Doug Edgar has seen 46 crops at his Innisfail-area farm and never faced a worse hail season.
Edgar Farms has been hit five times this season, beginning in May, and last Thursday’s hail storm was the worst.
Earlier hail setbacks led to half a dozen workers being let go and he had to lay off another dozen after the last storm, which devastated 70 acres of vegetables.
Doug didn’t want to put a dollar figure on the damage — “a lot” is all he would say.
Edgar Farms is a well-known and award-winning local provider of asparagus, peas, beans and rhubarb.
The value-added nature of their produce means insurance doesn’t come close to making up for the losses. He points out a pea pod that has 10 per cent damage, is still a total write-off as far as selling it is concerned.
Like most farmers, Edgar leans on a philosophical attitude when faced with adversity.
“You just suck it up and get on with life,” he said. “It’s not just us alone, it’s other families too.”
Elna Edgar, Doug’s wife, said the damage can be seen all through their area.
“There are fields out here that look like they’ve been combined or heavy-harrowed. There’s nothing left in some of the fields.
“There are trees out there where there’s not a leaf left on them.”
Edgar Farms store remains open. Asparagus season ended in June, so pickled and frozen asparagus is available, along with Angus beef, preserves and pies.
Based on the claims pouring into the Agriculture Farm Services Corp.’s (AFSC) offices, plenty of other families have been affected.
“We have 539 inspections generated out of that night,” said Brian Tainsh, from the corporation’s Lacombe office.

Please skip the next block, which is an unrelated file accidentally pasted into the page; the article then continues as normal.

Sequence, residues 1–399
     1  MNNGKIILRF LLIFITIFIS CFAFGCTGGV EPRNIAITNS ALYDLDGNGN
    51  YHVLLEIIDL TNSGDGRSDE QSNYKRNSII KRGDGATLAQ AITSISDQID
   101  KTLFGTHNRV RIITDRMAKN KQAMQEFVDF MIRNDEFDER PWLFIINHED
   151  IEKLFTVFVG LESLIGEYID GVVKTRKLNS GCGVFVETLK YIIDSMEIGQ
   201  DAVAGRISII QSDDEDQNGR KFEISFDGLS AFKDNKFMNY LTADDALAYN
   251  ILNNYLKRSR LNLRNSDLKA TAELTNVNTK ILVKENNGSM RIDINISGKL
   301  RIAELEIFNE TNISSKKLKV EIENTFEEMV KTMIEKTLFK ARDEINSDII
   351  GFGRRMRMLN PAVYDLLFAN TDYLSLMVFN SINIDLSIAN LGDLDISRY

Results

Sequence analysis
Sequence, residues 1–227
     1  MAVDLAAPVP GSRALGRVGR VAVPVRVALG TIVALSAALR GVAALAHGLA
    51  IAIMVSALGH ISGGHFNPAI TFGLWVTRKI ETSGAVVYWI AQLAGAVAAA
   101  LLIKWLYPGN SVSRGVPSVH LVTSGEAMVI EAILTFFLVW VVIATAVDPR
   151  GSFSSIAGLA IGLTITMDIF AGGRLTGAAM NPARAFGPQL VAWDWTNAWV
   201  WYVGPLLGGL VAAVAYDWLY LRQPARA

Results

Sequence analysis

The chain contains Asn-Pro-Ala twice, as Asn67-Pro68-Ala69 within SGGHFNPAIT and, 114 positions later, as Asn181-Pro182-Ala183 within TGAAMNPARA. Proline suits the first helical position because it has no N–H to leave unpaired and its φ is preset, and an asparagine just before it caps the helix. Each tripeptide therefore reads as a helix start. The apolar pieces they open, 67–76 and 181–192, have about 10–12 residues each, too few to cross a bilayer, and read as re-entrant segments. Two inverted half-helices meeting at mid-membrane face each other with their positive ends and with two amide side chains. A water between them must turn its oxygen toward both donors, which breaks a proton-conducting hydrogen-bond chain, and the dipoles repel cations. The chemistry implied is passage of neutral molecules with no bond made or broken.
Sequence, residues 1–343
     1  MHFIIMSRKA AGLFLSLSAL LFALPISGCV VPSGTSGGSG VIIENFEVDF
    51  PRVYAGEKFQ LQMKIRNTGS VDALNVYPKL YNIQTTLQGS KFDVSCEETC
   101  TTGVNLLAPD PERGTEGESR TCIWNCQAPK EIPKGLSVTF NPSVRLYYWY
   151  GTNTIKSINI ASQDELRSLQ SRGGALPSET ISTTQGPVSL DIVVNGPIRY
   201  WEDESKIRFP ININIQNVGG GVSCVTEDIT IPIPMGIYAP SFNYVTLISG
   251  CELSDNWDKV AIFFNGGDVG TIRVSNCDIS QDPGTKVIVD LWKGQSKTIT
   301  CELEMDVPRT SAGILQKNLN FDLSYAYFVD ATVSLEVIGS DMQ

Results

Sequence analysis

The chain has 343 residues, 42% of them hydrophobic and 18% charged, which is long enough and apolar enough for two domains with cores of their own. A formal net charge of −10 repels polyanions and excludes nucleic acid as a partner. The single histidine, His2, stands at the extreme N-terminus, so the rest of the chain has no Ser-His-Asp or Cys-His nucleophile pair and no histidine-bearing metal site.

AFSC is a provincial Crown corporation that provides farmers, agribusinesses and other small businesses with loans, crop insurance and farm income disaster assistance.
Hail damage has extended from Red Deer to Airdrie, with claims also coming in from the Strathmore, Olds and Three Hills areas.
“Basically that Highway 2 corridor was hit pretty good.”
While the claim numbers are high, even more came in following the July 17 and 19 hail storms that hit locations across the province.
“Throughout the province those days gave us more claims. They were spread all over Alberta those nights.
“We’ve got lots of hail here. Since mid-July, just about every day there is a storm somewhere in the province.”
About 100 inspectors are out checking fields for damage. They are working on the July 17 and 19 storms currently. Some farmers had two or three storms hit their fields.
Typically, inspectors wait 10 days before going out to the field to better assess the lasting damage.
The random nature of hail storms is apparent when talking to other area producers.
“In the immediate area, we’re sitting pretty good,” said Terry Young, who farms near Joffre. “There were no issues at all this year. We’ve had the odd storm.”
He’d heard there was more damage and golf ball-sized hail further to the east between Joffre and Delburne.